UiB receives public procurement award

The University of Bergen has been awarded the Public Procurement Award for Innovation.

UiB was awarded the public procurement award for innovation
AWARD WINNER: UiB was awarded the public procurement award for innovation. In the picture we see the director of Innovation Norway, Anita Krohn Traaseth, the prize winner and Principal Officer for Financial Services at the University of Bergen, Kjetil Skog, and Head of Department at Difi, Dag Strømsnes.
Stig Weston

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The prize was awarded by the Norwegian Agency for Public Management and eGovernment (Difi) at the annual Public Procurement conference in Oslo.

Principal Officer for Financial Services, Kjetil Skog, accepted the award on behalf of the University of Bergen (UiB).

“It is great to get external recognition that an administrative department has significance. It is important to have the best researchers, but to get there, we must have good people in the administration, so that we can adapt,” says Skog.


Development of goods

The jury said that UiB systematically work to promote innovation in its procurements, and has completed several acquisitions where the development of goods and services that are not available as standard in the market are stimulated.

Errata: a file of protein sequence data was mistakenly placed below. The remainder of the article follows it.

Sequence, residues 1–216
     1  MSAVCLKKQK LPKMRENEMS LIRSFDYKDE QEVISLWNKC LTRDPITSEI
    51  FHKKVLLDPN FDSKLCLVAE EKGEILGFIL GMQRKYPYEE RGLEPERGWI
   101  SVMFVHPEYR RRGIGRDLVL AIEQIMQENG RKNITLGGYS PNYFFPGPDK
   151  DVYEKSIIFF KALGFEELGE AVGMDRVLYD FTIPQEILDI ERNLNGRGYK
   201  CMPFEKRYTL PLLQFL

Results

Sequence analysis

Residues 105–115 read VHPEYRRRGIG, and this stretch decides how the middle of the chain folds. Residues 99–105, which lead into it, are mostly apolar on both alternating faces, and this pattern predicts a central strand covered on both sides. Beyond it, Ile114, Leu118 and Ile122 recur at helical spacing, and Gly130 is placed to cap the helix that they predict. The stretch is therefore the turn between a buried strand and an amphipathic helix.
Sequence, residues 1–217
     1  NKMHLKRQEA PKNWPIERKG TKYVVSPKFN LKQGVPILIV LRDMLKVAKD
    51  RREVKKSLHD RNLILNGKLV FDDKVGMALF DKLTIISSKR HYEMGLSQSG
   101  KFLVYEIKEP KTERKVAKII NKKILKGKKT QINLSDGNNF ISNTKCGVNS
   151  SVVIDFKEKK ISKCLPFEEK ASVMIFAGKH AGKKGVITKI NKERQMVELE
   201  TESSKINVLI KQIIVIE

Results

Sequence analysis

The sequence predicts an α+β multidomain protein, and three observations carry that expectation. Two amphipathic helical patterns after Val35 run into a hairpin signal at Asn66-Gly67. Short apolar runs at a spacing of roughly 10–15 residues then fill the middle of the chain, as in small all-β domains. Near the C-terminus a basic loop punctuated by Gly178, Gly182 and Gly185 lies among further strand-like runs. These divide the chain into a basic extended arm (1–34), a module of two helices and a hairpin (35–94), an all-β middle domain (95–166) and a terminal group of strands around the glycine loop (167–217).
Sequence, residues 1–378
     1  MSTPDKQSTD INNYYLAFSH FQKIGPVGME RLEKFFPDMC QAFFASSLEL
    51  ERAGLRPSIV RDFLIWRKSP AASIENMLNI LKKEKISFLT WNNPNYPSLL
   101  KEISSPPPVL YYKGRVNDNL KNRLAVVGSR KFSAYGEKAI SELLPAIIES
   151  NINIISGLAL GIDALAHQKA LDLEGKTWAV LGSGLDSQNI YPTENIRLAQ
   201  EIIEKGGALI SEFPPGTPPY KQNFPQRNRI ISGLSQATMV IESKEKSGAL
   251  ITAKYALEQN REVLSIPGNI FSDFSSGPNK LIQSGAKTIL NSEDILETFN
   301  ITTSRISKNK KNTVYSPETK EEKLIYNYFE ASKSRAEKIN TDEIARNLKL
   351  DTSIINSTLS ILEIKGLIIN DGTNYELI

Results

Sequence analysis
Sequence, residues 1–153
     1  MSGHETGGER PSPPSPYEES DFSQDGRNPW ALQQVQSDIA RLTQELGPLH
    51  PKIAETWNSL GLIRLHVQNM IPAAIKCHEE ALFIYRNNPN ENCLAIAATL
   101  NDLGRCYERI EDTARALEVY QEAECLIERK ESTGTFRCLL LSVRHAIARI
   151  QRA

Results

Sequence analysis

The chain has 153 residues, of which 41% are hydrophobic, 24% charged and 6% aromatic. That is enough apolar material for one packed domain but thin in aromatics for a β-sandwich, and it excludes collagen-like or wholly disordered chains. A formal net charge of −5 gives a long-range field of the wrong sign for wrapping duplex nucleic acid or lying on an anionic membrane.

“UiB has a greater degree of dialogue with the market than many other companies. We have a culture for daring to explore and look for opportunities, rather than being afraid of making mistakes,” Skog explains.
An example of an innovative provision being made at UiB, is the purchase of a Remotely Operated Vehicle (ROV), which is used in maritime research.

“ROV is a known technology in the oil industry, but we needed to use it in much deeper seas than what is common in the oil industry. In cases like this it is important to find new solutions, in cooperation with the market, to satisfy our needs. In this way we find solutions that can be valuable also for others,” says Skog.


An increasingly professional approach

In recent years there has been an increase in professionalisation of the public procurement in society.

“At UiB approximately 70 per cent of our budget of four billion Norwegian kroner (NOK) goes to cover the payroll. The remainder of the budget is mainly used for procurement. It is important that we use this money in the best possible way,” says Skog.

He emphasises the importance of good purchasing agreements and the need of working closely with the market to buy the best equipment for use in research and teaching.

“This prize also highlights the importance of expertise in this area. Both politicians and other decision-makers are attending the conference. They believe that this has an effect, and that it is an important contribution for encouraging the public authorities to spend their money in a better way,” says Skog.